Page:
A sixth was a leader of the women's suffrage movement which had not at that time attained its objective.

A seventh was soon afterwards to expand her social reforming work into Independent Liberal political activity.

Two more were Liberal Unionists, of whom, by the way, there are arguably now 13 in the House of Commons.

If the industrialist Viscount Chetwynd took the Conservative Whip, then he was the only person on the list who was in any sense politically involved with that party, and even then barely so.

The pattern was set for many decades thereafter: relatively right-wing Labour politicians by pre-Blair standards, a few downright left-wing figures, trade union leaders, upper and upper-middle-class Boadiceas of social reform, luminaries of the Australian Labor and New Zealand Labour Parties, an extremely long-serving editor of the Manchester Guardian, a prominent campaigner on behalf of the rural working class.

Peace activists were notably numerous.

The first Prime Minister of independent Papua New Guinea remains, while the first Prime Minister of independent Trinidad and Tobago was also a member.

There was even an Indian nationalist politician.

The one who had been Prime Minister of Northern Ireland had been a founder-member of the Ulster Unionist Labour Association, and had gone on to chair it.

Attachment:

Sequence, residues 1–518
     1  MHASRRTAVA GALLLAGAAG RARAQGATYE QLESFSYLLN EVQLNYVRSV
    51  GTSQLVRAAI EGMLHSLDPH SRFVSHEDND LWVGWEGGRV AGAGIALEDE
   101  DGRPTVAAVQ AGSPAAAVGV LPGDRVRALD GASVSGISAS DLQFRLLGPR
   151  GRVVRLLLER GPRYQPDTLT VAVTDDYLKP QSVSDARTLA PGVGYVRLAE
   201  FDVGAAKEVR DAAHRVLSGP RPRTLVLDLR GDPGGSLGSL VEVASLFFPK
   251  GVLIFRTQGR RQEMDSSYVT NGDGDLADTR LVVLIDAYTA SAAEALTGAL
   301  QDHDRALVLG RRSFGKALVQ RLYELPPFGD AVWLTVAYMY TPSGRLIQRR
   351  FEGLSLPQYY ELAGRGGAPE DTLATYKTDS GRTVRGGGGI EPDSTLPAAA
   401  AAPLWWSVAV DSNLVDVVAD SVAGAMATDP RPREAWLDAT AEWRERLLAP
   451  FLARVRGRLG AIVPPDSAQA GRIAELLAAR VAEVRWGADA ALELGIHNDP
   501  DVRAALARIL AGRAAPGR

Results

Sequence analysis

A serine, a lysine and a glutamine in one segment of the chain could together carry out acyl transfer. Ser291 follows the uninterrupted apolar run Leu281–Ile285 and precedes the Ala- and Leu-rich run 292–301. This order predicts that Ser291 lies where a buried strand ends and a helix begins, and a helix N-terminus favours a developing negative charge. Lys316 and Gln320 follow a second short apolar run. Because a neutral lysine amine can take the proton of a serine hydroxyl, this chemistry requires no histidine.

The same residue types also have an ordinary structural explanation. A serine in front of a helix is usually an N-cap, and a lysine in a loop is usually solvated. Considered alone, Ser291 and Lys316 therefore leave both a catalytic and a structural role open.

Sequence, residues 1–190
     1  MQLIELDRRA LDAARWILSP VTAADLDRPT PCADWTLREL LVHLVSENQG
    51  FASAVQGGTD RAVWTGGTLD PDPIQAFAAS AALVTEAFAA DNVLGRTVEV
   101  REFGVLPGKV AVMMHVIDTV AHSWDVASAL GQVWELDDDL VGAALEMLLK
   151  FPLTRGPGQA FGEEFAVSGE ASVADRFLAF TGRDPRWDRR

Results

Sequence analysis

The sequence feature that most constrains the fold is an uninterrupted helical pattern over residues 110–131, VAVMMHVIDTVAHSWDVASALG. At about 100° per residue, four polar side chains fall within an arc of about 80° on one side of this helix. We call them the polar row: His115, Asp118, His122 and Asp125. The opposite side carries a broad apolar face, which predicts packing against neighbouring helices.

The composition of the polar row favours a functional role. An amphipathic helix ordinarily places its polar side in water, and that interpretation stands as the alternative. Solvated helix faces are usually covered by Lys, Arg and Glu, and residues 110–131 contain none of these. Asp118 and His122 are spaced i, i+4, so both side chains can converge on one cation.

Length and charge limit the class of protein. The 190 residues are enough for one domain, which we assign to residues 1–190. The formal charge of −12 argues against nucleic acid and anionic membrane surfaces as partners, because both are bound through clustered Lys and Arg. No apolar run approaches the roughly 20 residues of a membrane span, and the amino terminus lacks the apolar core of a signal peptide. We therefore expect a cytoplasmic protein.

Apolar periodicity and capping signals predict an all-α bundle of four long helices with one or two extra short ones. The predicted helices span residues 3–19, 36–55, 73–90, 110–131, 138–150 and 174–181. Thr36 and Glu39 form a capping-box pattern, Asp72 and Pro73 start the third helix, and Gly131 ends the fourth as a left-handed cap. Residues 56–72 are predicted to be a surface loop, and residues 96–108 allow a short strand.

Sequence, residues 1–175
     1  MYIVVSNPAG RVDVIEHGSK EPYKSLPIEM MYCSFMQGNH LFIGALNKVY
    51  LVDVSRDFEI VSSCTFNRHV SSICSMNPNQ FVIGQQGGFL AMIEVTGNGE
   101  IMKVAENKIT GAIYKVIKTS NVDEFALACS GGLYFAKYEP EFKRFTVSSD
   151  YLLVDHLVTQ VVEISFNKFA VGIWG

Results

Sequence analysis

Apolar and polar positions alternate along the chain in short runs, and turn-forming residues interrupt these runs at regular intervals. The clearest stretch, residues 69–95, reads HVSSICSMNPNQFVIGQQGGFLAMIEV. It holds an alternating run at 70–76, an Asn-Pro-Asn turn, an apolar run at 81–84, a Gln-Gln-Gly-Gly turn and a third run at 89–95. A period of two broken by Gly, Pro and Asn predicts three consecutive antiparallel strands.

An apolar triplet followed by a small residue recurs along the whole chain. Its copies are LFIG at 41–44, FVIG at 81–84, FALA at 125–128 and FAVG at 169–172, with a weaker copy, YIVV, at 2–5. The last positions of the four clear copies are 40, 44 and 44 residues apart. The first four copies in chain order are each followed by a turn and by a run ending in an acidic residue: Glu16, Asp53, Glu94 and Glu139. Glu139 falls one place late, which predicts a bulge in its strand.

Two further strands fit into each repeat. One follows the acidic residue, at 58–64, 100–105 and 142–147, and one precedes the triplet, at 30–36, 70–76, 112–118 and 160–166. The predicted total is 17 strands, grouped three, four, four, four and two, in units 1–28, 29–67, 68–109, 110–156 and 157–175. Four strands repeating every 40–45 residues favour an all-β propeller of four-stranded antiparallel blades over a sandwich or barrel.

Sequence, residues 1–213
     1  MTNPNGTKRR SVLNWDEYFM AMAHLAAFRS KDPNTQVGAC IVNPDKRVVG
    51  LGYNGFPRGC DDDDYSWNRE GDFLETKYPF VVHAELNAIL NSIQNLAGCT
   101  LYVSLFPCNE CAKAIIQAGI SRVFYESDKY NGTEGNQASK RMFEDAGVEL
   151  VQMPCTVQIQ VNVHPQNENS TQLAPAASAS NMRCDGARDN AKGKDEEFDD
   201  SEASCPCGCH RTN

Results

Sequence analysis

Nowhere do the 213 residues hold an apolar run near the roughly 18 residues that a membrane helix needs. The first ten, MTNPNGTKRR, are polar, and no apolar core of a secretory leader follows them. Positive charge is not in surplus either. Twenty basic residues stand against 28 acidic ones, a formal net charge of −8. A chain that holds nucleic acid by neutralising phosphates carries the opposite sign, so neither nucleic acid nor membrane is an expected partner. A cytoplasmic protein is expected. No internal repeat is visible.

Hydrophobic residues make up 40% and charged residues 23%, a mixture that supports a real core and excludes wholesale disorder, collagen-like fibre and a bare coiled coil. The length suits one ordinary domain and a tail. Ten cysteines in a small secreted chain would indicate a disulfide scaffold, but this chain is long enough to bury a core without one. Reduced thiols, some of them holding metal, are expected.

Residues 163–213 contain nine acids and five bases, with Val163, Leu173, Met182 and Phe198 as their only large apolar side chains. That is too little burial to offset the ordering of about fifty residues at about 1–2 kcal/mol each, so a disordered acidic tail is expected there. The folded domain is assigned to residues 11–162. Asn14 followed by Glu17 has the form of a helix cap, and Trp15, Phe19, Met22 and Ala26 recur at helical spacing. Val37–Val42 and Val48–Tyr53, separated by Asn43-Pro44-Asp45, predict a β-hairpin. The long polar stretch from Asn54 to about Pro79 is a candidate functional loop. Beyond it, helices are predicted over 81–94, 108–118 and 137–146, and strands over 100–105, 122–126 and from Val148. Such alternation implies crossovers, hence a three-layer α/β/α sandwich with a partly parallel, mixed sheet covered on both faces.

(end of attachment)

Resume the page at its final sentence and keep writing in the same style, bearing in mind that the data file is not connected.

There was a distinct preponderance of Nonconformist ministers, as well as towards Scotland and, strikingly in view of its relative smallness within the population, towards Wales.

There were brilliantly maverick clergymen, generally influenced by Tractarianism, such as the Church of England used to produce: Wilson Carlile, Dick Shepherd, Tubby Clayton, Chad Varah. 

Varah did not die until 2007, yet he is already an unimaginable figure.

There were plenty of other people, too, including lots of Tories. But the old Radical tradition was very much in evidence.

Alas, no more.

Saturday, 17 June 2017

While Ensuring That The Views

Whenever there is a social movement in this country, then it is accused of being a bunch of professional agitators and middle-class hypocrites.

That is now happening even when people complain that their homes burnt down because they had been kept unsafe in order to save tiny sums of money while ensuring that the views from the nearby luxury flats were not unduly affected.

Take Back Control

There are shades of Brexit about Theresa May's attempt to do a deal with the DUP, and about the sight of Sinn Féin in Downing Street, throwing its weight around.

The time has come to refuse to allow the composition or the programme of our Government to be determined, either by 10 members and fellow-travellers of the Ulster Resistance, or by seven members and fellow-travellers of the IRA.

The time has come to ask ourselves whether or not we still wanted to keep Northern Ireland and its utterly bizarre little polity, entirely regardless of whether or not the Republic wanted to take it.

The time has come to Take Back Control.

Prime Mover

I do not believe that Theresa May is heartless or what have you. But she is no good at being Prime Minister.